In this painting I used my favorite color combination for making black - red and green. I used alizarin crimson and veridian. Actually, I first painted the entire canvas with inexpensive black acrylic. This way I didn't have to worry about any white shining through the background. I then painted the entire background with liquin paint thinner. The liquin allowed me to cover all the background quickly and without using a lot of thick paint. (I wanted the calla lilies to be thick and didn't want them to have to compete with the texture of the background.)
I took my red and green and barely mixed them. I didn't want to lose all of the red or green. Using a criss-cross painting motion, I painted the background with my red/green mix. I don't think you can tell from this photograph, but the red and green can be seen here and there in the background. That's what gives the background some interest and some depth. I think I threw in a little blue here and there too. Not that you really see it, but I really love blue and think everything should have at least a little touch of blue.
So the next time your piece calls for black, see if a mixed black will do the job. You'll be very pleased with the results.

Saturday, September 13, 2008

Sycamore Art

Bear Hollow is filled with trees: tulip poplar, redbuds, oaks, maples, elms, black walnuts... and giant beautiful sycamores. In late July through August the sycamore trees shed their bark. It peels off in beautiful shapes.

I've always wanted to do something - art wise - with these beautiful pieces of bark.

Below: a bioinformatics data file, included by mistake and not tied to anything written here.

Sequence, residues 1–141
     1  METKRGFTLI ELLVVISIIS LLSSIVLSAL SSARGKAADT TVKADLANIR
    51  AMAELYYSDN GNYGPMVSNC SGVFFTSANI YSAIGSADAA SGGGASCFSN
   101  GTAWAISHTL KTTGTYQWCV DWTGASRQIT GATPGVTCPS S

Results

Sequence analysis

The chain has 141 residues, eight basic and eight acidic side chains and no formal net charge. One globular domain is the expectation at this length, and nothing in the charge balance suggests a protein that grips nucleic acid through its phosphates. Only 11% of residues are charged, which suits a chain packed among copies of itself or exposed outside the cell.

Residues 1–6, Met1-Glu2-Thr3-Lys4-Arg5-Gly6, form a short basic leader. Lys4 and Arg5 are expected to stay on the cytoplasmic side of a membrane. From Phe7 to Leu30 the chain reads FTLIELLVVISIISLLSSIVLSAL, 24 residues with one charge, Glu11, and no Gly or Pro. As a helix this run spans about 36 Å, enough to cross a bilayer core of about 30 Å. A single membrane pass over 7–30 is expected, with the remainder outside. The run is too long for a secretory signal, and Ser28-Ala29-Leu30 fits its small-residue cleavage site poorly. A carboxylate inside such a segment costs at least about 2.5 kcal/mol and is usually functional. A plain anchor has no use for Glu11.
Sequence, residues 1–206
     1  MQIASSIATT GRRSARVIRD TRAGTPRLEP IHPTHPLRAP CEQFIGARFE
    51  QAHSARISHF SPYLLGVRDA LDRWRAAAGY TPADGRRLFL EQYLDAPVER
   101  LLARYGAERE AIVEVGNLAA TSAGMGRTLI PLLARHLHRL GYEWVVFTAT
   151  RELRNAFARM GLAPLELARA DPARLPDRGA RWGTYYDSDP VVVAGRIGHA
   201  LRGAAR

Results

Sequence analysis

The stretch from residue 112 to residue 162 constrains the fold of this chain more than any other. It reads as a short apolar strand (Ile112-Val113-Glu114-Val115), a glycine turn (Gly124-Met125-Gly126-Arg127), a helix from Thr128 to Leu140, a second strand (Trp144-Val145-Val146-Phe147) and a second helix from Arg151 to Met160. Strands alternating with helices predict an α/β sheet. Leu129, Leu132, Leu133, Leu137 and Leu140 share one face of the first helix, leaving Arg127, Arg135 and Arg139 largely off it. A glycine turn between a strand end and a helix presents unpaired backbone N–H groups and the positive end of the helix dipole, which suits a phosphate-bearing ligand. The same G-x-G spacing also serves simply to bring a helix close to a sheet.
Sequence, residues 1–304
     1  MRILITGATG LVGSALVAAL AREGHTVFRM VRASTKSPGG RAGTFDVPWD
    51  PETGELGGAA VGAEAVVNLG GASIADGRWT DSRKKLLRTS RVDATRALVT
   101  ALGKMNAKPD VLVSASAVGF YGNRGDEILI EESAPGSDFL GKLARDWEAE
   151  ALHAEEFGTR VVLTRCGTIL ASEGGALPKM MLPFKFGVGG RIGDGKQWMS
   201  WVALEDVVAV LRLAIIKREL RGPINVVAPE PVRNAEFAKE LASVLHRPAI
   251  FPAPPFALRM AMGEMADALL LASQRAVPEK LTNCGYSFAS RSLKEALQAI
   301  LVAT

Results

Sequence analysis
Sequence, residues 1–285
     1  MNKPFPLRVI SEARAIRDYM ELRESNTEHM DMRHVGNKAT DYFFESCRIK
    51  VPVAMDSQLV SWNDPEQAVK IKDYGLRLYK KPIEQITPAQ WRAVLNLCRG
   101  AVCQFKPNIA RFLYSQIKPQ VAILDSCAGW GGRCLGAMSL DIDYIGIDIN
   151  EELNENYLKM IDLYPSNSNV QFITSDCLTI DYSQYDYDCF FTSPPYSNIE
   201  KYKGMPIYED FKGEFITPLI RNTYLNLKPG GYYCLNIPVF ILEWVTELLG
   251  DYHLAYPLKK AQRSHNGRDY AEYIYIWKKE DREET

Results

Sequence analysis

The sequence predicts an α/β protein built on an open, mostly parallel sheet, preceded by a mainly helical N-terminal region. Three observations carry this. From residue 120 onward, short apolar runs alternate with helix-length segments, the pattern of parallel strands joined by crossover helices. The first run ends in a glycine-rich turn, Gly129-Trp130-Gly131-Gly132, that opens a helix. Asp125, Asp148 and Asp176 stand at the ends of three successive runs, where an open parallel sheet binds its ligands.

I have a few old planks of barn wood out next to my pole barn. I decided that the rustic wood would make a great backdrop for the sycamore bark. I had thought of mounting the bark on canvas, but it is very strong and tries to curl back up as it dries. I don't think it would stay on the canvas, or would curl and pucker the canvas.
So I took a plank, laid the piece of bark on it that I wanted to use (to know how long to cut the board) and took out the trusty circular saw. Bzzzzzzzzzzzzzzzzzzzzz.

I used water color for my paint. I wanted it to just color the wood - not really cover it. I ended up needing to use a lot and I didn't use much water on later layers because when it was watery it just soaked into the wood and didn't leave much color behind.

Here's my first piece using a piece of sycamore bark. I called it Sycamore Lightning. You can see it in my Etsy shop here -

Stress cracks from the bark trying to curl back up the way it was on a branch and the grain of the barn wood give a rustic feel while the contemporary abstract background lends a sophistication that will compliment any decor.